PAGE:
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Russell S Hercules


U.S. Army



At 10:35 p.m. Murfreesboro time on Sept. 29, Specialist Russell Hercules Jr. called his wife, Victoria Hercules, from Afghanistan to wish her a happy birthday. Where he was stationed, it was already nine and a half hours ahead and Sept. 30.

“He was so mad it wasn’t midnight,” said Victoria, who turned 24 on Sept. 30. “I made him promise me he’d be safe.”

She knew her husband would be on a two-day mission and out of contact during that time. Their conversations always ended the same.

“He never said good-bye,” she said. “He always said ‘See you later.'”

Specialist Hercules, 22, died Oct. 1 in Wardak province, Afghanistan, of wounds suffered when insurgents attacked his unit using small arms fire. He was assigned to the 4th Battalion, 101st Airborne Division, 159th Combat Aviation Brigade in Fort Campbell.

That same day in Murfreesboro, Victoria heard what she thought was a UPS truck drive into the parking lot of the townhouse apartment complex where she and her two small children live. She was expecting delivery of a birthday gift from her husband. But when she looked up, two military men came to her door instead.

“My heart stopped,” said Victoria during an interview Tuesday at her mother-in-law’s La Vergne home. She hoped they were only going to tell her that her husband was injured.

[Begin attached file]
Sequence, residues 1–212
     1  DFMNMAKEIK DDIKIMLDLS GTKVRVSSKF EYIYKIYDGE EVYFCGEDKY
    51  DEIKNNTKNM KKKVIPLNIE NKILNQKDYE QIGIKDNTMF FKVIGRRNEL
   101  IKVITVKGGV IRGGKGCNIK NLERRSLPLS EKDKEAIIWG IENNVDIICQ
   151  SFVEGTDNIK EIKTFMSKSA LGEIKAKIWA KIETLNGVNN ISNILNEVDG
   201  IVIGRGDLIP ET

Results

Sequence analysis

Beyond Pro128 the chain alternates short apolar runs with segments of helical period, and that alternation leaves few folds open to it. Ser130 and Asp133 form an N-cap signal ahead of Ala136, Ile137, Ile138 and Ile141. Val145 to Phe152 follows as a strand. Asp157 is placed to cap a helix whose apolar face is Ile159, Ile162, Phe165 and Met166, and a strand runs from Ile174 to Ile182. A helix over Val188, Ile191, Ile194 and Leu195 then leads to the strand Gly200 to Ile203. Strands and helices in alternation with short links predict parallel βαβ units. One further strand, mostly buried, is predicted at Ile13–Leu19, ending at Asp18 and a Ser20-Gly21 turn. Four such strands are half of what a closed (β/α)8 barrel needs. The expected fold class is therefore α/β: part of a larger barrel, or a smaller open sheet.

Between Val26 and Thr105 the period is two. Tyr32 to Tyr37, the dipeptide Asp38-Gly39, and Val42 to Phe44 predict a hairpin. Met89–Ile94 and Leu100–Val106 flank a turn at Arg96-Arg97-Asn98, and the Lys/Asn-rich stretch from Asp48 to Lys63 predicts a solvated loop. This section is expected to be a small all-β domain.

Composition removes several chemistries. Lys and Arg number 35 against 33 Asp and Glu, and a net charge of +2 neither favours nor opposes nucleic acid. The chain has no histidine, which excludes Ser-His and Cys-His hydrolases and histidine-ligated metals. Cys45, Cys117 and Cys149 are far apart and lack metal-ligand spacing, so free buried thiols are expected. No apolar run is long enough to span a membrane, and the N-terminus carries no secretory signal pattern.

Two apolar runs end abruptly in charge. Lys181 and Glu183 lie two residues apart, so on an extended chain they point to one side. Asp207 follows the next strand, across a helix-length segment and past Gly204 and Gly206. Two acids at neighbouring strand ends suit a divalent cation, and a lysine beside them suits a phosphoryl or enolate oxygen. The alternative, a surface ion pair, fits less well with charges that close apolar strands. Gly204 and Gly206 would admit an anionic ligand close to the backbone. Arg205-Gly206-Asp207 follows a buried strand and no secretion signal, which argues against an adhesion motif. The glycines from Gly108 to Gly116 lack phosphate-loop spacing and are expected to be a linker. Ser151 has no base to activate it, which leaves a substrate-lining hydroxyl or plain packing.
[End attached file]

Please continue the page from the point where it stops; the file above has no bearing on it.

Cheryl Tipton, Russell’s mother, remembers her son as a funny person, one who was happy all the time. The only time he ever got into trouble was at age 16 when the police took fireworks away from him over the Fourth of July.

“He was not a bad kid. He never gave me any trouble,” she said. “He grew up to be a wonderful adult.”

Hercules grew up in Murfreesboro, attending Mitchell-Neilson and Bradley Elementary schools, then Central Middle School and Blackman High School, where he graduated in 2006. He began talking about joining the military his junior year in high school.

“He had to do a report on the war in Iraq,” said his mother. “That is what got him interested.”

Both of his parents also were in the Army, Tipton a 76V in Materials Staging and Handling at Fort Hood, Texas, and her former husband, Russell Sr., a combat engineer who served in Germany.

Victoria and Specialist Hercules met on a Web site. She was living in Kentucky at the time with her daughter, Cadence Bonham, who is now 3 years old. Victoria helped Russell Hercules move from Kansas to Fort Campbell in October 2008.

Through a telephone connection from the hospital to Afghanistan, Russell Hercules heard his son’s first cry at birth on June 10. The couple got married June 25, 2008, when Specialist Hercules was home on leave. Between June 17 and July 2, he spent time with his family.

“He held the baby mostly,” said his mother. “He didn’t talk about Afghanistan.”

Cheryl Tipton said her son believed in the wars in Iraq and in Afghanistan.

“I would give anything in the world to have him back,” she said. “My son was loved by a lot of people. He will be remembered for the soldier he was.”


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